Not many people can say they’ve completed their life’s quest, but Jerry Joinson can.
Joinson has recently returned to the Fort after completing over 1,000 miles of gruelling physical endurance, sleep deprivation and extreme weather conditions during the Yukon Quest Sled Dog Race.
Sounds like fun, well, apparently, for some people, it’s a life’s dream.
And not only is it a tough race at the best of times, but this year, Joinson said the conditions were the worst ever.
Over the second half of the race, “everything that could go wrong did,” he said. There was water overflowing places on some of the river sections, where mushers normally cross over ice and snow.
Some of the front-runners in the race had to wade their dogs and sleds through chest deep water in extreme temperatures. According to Joinson, one musher who had won the Quest four times before almost died twice crossing these sections.
Luckily for Joinson, he was more than a day behind these mushers, and after -56 to -58 degrees Celcius for a couple of days, that water had frozen when he arrived and all he got was one wet foot when he stepped down to help the sled.
These extreme temperatures came during the second half of the race, and temperatures ran in the -50 to -58 degree range for four solid days, according to the Joinsons.
Jerry’s wife Lisa Joinson and their 11 year old daughter Lexi had come up to “handle” for Jerry.
While no one can directly help the mushers, handlers have to be on hand at certain checkpoints along the race to pick up any dogs the racers drop due to injuries or health problems. Their other job was encouragement, urging Jerry on, when all of the hardships coupled with operating on one to one and a half hours of sleep started to take its toll.
But the Joinson’s troubles didn’t even just start when the race began.
After training in the Fort since September, on January 1, they left to drive up to the Yukon for Jerry to begin his final stages of training and preparation.
But that day, the axle broke on their trailer, leaving them stranded on a holiday, in the first of a series of misfortunes that caused the trip to take an entire week and cost $1500 in repair bills.
While he was in the Yukon, his dogs contracted kennel cough, two lead dogs were injured in fights, one having to be put down it was so severely injured, and yet Jerry persevered.
Once the race started, the hard-packed trail and difficult snow conditions which caused the sled to drag much more than usual meant his dogs and himself struggled with joint injuries for the first half of the race.
He was forced to drop five dogs with wrist and shoulder problems.
But things weren’t all bad.
“After that, other than the cold, it went good,” he said.
Teamwork helped Joinson through some tough parts, and some strong friendships were formed in the process.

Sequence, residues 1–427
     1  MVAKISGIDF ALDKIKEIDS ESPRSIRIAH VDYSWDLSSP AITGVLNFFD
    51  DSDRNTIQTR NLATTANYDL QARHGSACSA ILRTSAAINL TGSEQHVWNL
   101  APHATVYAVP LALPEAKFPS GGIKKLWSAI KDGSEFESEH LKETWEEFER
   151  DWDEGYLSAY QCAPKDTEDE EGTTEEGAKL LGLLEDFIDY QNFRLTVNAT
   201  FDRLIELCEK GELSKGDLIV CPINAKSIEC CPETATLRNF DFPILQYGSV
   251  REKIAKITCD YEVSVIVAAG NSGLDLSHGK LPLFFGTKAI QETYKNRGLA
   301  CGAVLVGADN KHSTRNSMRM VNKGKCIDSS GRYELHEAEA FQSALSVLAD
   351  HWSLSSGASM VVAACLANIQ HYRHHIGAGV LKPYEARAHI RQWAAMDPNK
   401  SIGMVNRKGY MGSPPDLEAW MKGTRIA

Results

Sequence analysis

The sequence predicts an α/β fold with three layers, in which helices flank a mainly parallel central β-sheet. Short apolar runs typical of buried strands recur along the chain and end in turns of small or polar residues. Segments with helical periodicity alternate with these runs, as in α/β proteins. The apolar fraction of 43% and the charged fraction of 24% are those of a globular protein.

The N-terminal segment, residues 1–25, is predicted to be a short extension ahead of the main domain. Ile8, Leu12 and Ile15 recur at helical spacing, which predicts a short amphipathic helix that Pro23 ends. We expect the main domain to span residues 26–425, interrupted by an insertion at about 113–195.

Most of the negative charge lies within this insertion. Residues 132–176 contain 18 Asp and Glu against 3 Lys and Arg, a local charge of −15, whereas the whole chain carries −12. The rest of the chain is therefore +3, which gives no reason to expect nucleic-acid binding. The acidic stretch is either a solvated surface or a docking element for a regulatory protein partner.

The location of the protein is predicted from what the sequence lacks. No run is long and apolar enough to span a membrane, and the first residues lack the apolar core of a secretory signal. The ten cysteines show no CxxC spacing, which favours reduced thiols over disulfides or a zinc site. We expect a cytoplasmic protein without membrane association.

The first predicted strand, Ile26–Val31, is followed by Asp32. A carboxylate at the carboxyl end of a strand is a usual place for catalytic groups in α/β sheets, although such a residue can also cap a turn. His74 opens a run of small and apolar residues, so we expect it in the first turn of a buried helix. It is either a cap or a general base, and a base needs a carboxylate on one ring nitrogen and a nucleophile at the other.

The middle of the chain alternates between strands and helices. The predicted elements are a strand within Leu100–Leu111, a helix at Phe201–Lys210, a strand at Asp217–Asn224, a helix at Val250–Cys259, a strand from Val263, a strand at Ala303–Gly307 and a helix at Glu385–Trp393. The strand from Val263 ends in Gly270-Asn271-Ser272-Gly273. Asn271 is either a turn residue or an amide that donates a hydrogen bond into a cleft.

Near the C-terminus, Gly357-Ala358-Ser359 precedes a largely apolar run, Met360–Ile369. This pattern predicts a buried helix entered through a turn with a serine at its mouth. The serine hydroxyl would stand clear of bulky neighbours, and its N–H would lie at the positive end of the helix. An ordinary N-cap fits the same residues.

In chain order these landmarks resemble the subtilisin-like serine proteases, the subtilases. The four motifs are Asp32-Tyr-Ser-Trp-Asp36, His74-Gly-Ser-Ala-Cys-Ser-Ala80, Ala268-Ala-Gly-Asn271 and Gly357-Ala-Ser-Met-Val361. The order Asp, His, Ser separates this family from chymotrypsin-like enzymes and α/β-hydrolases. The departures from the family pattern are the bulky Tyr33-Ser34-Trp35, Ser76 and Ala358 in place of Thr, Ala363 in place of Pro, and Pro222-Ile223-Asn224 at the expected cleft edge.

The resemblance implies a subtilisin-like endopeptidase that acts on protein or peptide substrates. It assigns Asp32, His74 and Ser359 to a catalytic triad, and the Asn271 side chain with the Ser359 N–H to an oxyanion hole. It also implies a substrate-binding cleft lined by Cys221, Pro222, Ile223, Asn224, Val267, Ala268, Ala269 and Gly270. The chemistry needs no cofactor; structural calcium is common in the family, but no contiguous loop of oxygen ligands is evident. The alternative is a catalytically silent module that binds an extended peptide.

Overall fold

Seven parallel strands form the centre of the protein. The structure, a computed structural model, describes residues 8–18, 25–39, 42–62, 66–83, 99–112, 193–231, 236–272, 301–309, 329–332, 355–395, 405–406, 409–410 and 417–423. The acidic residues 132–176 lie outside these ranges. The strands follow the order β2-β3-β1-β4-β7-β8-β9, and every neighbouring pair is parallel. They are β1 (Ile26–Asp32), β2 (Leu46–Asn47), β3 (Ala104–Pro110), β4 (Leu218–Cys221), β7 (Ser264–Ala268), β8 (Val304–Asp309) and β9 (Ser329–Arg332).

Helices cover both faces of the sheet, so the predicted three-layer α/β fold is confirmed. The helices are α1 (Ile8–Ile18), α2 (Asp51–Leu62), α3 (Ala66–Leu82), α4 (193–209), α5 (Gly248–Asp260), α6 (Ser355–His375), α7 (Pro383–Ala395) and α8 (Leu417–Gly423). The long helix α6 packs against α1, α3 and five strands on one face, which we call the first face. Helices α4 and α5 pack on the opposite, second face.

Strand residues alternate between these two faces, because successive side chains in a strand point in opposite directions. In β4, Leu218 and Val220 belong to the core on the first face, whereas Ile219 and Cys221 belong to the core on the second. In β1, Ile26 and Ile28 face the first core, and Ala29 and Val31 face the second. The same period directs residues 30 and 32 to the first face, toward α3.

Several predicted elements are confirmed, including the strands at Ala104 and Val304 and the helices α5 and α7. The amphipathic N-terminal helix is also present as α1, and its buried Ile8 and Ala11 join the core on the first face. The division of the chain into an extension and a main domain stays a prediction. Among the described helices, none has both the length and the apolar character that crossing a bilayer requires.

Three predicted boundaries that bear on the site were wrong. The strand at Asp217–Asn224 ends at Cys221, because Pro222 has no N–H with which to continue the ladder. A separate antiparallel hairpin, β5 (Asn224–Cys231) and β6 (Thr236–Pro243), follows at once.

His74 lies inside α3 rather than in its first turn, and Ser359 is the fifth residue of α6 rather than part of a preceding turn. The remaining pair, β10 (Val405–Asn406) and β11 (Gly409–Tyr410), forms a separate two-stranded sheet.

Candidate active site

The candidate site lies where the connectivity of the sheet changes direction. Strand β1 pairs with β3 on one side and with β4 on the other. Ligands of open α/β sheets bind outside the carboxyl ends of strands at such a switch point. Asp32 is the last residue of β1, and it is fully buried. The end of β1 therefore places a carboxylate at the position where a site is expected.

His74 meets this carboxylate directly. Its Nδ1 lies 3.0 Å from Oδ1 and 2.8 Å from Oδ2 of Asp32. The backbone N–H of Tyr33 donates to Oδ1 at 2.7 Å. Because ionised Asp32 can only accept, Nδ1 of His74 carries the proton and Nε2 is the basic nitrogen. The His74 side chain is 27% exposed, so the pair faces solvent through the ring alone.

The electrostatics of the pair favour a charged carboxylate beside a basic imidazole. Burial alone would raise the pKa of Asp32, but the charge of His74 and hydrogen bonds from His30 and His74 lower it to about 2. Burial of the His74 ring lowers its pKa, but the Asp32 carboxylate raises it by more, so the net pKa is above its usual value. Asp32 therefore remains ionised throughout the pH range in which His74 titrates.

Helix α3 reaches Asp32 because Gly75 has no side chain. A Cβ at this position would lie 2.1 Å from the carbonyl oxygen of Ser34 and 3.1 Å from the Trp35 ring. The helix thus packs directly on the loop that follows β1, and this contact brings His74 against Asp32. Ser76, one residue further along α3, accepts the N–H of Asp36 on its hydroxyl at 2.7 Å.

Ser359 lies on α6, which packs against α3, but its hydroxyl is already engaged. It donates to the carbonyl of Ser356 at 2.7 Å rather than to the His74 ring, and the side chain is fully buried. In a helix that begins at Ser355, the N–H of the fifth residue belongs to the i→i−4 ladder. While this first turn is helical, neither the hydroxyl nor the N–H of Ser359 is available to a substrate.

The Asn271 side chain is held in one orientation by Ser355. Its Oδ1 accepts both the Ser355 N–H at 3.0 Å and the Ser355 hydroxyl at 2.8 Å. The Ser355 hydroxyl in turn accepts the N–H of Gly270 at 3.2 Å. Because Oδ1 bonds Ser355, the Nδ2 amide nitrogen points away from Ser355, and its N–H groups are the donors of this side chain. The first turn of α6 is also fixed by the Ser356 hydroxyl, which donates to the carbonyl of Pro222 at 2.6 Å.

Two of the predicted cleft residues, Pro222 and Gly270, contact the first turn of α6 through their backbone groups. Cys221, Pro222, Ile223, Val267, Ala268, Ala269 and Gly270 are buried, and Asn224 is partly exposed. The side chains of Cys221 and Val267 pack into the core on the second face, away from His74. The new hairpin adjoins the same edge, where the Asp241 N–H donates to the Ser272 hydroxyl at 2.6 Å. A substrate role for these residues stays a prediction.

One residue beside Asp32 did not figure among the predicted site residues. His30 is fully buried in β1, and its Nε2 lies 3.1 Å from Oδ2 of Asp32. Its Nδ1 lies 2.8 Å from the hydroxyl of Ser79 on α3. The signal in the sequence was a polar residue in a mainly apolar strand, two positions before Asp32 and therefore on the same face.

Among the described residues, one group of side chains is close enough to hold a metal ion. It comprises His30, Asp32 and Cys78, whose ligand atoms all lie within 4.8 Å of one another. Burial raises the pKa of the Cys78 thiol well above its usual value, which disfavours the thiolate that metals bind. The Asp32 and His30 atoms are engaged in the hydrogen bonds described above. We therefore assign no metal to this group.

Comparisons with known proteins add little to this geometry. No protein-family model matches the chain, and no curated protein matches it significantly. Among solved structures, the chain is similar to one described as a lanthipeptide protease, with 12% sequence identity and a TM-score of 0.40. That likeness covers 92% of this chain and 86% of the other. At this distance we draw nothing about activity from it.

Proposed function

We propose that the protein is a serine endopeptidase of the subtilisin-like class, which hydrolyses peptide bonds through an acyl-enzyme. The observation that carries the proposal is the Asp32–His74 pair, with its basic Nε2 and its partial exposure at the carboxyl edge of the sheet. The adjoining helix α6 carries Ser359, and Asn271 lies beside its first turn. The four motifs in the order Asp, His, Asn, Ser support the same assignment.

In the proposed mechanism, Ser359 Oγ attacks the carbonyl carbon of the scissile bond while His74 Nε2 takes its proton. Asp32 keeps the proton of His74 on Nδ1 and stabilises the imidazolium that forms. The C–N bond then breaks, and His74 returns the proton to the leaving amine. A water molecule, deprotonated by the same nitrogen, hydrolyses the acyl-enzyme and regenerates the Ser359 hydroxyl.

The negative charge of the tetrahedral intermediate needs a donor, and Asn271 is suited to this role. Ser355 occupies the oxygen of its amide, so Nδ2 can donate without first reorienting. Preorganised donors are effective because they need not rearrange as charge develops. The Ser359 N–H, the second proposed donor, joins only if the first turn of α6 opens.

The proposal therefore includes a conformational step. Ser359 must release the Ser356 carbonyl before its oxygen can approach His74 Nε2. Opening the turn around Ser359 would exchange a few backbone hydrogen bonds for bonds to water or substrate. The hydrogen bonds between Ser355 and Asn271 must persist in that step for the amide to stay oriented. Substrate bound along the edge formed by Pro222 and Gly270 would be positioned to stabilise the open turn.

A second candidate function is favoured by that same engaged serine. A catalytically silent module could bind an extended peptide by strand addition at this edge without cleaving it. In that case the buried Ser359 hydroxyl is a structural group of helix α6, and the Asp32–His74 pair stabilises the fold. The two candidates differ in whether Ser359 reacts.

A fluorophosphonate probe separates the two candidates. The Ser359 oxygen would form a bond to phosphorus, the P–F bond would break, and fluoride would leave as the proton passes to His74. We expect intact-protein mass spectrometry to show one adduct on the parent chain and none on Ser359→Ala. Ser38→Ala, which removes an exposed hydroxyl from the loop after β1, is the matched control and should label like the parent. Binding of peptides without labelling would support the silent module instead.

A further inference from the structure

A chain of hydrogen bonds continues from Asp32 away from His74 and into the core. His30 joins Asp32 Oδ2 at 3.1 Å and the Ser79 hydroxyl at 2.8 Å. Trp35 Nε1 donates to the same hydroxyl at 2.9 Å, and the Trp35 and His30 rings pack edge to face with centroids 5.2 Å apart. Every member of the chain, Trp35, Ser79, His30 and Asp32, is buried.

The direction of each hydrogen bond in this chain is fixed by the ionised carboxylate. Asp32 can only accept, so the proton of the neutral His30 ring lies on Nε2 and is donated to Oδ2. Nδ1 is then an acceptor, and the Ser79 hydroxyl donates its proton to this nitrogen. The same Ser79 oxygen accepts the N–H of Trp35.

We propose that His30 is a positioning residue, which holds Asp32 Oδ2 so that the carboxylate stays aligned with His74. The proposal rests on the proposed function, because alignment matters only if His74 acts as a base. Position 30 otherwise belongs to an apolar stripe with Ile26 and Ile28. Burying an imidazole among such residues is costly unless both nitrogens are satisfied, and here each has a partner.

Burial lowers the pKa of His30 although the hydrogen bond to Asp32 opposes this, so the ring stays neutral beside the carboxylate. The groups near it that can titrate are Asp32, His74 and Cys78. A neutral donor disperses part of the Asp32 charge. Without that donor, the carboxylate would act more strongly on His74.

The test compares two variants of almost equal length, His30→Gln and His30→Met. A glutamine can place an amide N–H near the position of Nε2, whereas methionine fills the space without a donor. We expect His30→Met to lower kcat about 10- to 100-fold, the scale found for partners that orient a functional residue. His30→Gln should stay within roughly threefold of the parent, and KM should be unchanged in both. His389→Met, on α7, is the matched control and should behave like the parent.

When the race left Dawson City, a blizzard started and some mushers got lost. He and five of the other mushers made an agreement to stay together through the blizzard and break trail for each other.
The group managed to push each other through, and Joinson said one man who almost scratched felt compelled to keep going because two of the mushers pushing on with them were women.
Those two women were Tamara Rose and Kyla Durham, who also helped Jerry through another critical stage.
At one point in the trail, making his way up Eagle Summit, it was so steep Joinson could reach out and touch the slope in front of him standing up.
“If my knees weren’t shot I could have made it up on my own,” said Joinson. But his knees were done for and so in order to get his heavily laden sled up the hill, he had to walk and would have had to try and help push the sled up as well for his dogs.
With his knees how they were, this wasn’t possible. So the two women, after getting their own dogs and sleds up to Eagle Summit, came back down and while one led the team from the front, the other pushed Jerry’s sled from behind while he made his way up the climb.
But Joinson also learned some useful skills on the trip.
Apparently, after many days of getting only one or two hours of sleep in unheated shelters, sometimes sitting up in a seat with nowhere to even lie down, mushers typically begin to nod off on their sleds, developing the skill of holding on even while asleep.
Eventually, mushers also hallucinate, and Joinson said he would see obstacles in front of the team, and then they would simply disappear as the dogs ran right through them. At one point, Joinson said the dogs began to look like cartoon animals in front of him, and he even experienced strong feelings of deja vu along the trail at places he had never been before.
“It was fun,” said Joinson, after he realized what was going on, “I started to enjoy it after awhile.”
Most of the other mushers also suffered from frostbite on their faces, but Jerry considered himself lucky to escape with just a bit of frostbite on his finger tips.
So other than the lack of sleep, hallucinations, physical pain and -50 and lower temperatures, it was pretty decent.
He finished the Yukon Quest sled dog race on February 18, after 13 days three hours and 22 minutes. He was twelfth overall.
It was his second attempt at the Quest, having scratched in 2009 when at the beginning of a 200 mile section between checkpoints, two of his dogs were hurt when his team went over a river bank and had to be put on the already heavily laden sled. The next part of the trail was a long uphill which the other dogs would have had to carry all the extra weight through, and his injured dogs were in pain so he had to retreat despite all the hard work and preparation.
“It was agonizing'” to quit said Joinson, but he knew he had to scratch for the sake of his dogs.
Now that he’s completed the Quest, Joinson said he plans to slow down from racing and his next challenge is going to be building his wife a greenhouse.